Friday, December 28
By Lee Henschel Jr.
a mini review by Tony Gerard
a mini review by Tony Gerard
This is my first time reviewing a novel and maybe I’m not the best guy for the job. Among historic re-enactors I tend to be what is referred to as a “button counter”. In other words I get caught up in small details of historical accuracy in both material and social culture. Several of my nonhistorian friends now refuse to go to historic movies with me. They say I ruin the movie with my constant complaints about historic authenticity. During “New World” my girlfriend at the time actually got up and moved several seats away from me.
That being said, the author of “The Sailing Master” asked me to review his historic novel, so here goes….
The novel is set in 1798, the main character being a ship’s boy on a Royal Navy frigate. Right away (page 3 ) I found a couple of historic faux pas – the captain is described as having a beard, definitely not the style for a late 18th century gentleman, and putting his thumbs in his belt loops. Belt loops didn’t appear until the early 20th century. But Mr. Henschel was kind enough to send me a free copy, so I kept reading and then… I was caught up in the story. It’s definitely a fun read. I’m the kind of guy who goes to bed early (9pm) on a weeknight. I stayed up late reading two nights in a row.
The story is told in first person, but it’s written in a faster paced 20th century style. Henschel does throw in enough 18th century words and phrases to give the casual (read non- button counter) reader the feel of an 18th century narrative. The characters definitely have a modern mindset within a historic setting. This is especially obvious in the disrespect with which the Captain treats captured enemy officers – just not done in the 18th century by gentlemen.
Having said that it is obvious that Henschel knows sailing and 18th century navigation. That comes across and is a plus in my opinion.
The novel is an adventure/mystery story. Several aspects are not that real life believable, but who cares? Think Michael Crighton rather than Patrick O’Brian. The story is fast paced and it kept my interest. That’s what kept me up. I was always reading just a bit more to see how this turned out, but by the time “this” was resolved there was something else- and I had to see how that turned out. As much as I love the Aubry/Maturin series I never had trouble putting it down to pick up again later. Not so for “The Sailing Master”. Be forewarned, just like real life, Henschel can take away a character you might have begun to like with no apologies. Also be warned, the book is meant to be the first of a series, and it ends as cliff hanger. I, for one, look forward to seeing what happens to ship’s boy Owen Harriet.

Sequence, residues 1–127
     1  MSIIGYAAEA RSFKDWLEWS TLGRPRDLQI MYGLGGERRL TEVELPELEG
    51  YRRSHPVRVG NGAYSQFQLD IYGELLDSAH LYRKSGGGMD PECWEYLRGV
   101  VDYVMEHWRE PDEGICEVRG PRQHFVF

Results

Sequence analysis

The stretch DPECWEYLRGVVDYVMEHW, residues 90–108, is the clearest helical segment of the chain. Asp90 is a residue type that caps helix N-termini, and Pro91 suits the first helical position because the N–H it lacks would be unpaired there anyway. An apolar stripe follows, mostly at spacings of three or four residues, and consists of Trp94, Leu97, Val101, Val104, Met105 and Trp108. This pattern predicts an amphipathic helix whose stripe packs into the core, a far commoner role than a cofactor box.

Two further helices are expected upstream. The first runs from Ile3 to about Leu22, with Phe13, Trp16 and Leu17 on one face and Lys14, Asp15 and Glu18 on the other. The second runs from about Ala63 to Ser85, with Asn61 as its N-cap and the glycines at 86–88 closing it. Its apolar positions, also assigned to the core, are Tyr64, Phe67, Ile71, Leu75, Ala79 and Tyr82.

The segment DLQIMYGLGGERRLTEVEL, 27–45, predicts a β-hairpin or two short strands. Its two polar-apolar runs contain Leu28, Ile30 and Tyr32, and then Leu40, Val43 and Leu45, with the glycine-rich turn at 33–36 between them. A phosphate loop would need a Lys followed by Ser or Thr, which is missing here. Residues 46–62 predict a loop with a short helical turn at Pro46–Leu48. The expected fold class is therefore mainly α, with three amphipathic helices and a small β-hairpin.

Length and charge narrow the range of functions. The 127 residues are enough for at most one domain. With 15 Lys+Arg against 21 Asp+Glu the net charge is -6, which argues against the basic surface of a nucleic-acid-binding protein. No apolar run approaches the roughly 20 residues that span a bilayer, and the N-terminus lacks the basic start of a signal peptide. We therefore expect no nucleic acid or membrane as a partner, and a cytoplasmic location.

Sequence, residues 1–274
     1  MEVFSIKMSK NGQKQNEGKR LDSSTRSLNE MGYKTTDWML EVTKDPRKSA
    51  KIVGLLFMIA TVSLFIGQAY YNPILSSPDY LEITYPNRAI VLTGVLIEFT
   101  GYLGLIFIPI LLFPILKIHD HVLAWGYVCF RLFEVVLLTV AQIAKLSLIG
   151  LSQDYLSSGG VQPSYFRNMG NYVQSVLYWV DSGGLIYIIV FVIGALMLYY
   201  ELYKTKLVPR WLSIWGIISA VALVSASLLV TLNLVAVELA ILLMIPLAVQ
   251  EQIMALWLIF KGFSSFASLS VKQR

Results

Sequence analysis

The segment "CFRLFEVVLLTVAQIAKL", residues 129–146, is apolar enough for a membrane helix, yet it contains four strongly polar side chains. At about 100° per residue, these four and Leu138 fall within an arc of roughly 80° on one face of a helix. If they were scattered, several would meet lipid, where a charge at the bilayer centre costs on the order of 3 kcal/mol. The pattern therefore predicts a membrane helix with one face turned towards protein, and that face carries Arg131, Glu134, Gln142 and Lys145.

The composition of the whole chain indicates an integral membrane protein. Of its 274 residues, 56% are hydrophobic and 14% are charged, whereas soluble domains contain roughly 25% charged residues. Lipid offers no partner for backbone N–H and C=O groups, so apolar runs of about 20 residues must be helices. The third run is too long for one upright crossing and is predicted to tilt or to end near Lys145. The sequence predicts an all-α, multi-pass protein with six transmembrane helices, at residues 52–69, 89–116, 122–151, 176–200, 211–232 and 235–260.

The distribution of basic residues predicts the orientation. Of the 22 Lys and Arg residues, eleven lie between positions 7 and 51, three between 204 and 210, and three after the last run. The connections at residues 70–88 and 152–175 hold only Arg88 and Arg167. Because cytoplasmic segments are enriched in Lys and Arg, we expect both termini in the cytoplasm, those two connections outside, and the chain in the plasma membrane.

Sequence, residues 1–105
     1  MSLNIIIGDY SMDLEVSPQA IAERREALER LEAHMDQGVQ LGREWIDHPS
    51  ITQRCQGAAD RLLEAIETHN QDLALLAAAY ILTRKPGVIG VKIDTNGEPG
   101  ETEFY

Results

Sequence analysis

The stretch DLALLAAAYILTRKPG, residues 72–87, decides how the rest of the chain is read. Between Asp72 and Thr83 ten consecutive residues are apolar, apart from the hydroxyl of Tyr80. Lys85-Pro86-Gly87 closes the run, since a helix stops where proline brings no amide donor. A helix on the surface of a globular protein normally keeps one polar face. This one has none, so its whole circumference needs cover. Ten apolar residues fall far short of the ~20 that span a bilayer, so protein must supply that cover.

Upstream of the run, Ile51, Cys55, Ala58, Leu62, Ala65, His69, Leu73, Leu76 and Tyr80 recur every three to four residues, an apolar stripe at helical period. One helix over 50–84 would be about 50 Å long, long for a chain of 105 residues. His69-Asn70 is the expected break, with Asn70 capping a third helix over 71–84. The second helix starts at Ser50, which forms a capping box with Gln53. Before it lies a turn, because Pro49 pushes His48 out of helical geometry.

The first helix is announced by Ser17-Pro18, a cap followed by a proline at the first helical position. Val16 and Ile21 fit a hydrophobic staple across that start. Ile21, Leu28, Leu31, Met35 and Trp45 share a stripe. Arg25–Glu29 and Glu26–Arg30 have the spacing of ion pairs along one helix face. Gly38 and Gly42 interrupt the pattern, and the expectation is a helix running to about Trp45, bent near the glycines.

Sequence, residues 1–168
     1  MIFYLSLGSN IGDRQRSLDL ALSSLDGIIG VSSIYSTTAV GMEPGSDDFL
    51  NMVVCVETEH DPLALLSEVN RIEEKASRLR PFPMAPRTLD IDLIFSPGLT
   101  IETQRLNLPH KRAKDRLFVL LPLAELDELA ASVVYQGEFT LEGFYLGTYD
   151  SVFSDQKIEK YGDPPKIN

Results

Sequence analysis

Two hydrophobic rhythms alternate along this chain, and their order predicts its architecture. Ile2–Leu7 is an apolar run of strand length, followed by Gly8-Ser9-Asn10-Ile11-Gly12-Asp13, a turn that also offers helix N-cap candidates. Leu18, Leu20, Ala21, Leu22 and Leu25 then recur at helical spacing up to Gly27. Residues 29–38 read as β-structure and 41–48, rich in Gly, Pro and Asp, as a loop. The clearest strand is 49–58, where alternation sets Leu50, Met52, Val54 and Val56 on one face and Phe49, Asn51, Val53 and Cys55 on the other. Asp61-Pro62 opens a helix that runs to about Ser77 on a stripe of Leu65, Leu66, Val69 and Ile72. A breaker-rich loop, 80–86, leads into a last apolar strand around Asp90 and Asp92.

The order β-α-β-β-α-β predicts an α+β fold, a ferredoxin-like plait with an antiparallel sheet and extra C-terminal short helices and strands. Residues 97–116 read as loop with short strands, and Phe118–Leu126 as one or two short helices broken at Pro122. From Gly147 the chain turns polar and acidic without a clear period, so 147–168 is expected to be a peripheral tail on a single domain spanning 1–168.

Thursday, December 27
Wednesday, December 26
Monday, December 24
The subjoined table of the comparative dimensions of British and American ships, will enable the reader to appreciate the heroism with which our officers and seamen have defended themselves in the recent actions with our trans-atlantic descendants.
By this table it will be seen, that these American frigates are longer than an English first-rate; that they are longer than, and of nearly equal tonnage with, our modern large seventy-fours, and of greater tonnage than our old seventy-fours;that they are longer, broader, and of greater tonnage than any of our sixty-fours; and that they exceed in tonnage our fifties, in the proportion of nearly three o two; and our thirty-eights in the proportion of seven to four. Is not the term frigate most violently perverted, when applied to such vessels? As well might we call the Ville de Paris a fifty, or Caledonia a sixty-four; or as well might we call the one a jolly-boat and the other a yawl.
An excerpt from 'The Naval Chronicle: The Contemporary Record of the Royal Navy at War" 1813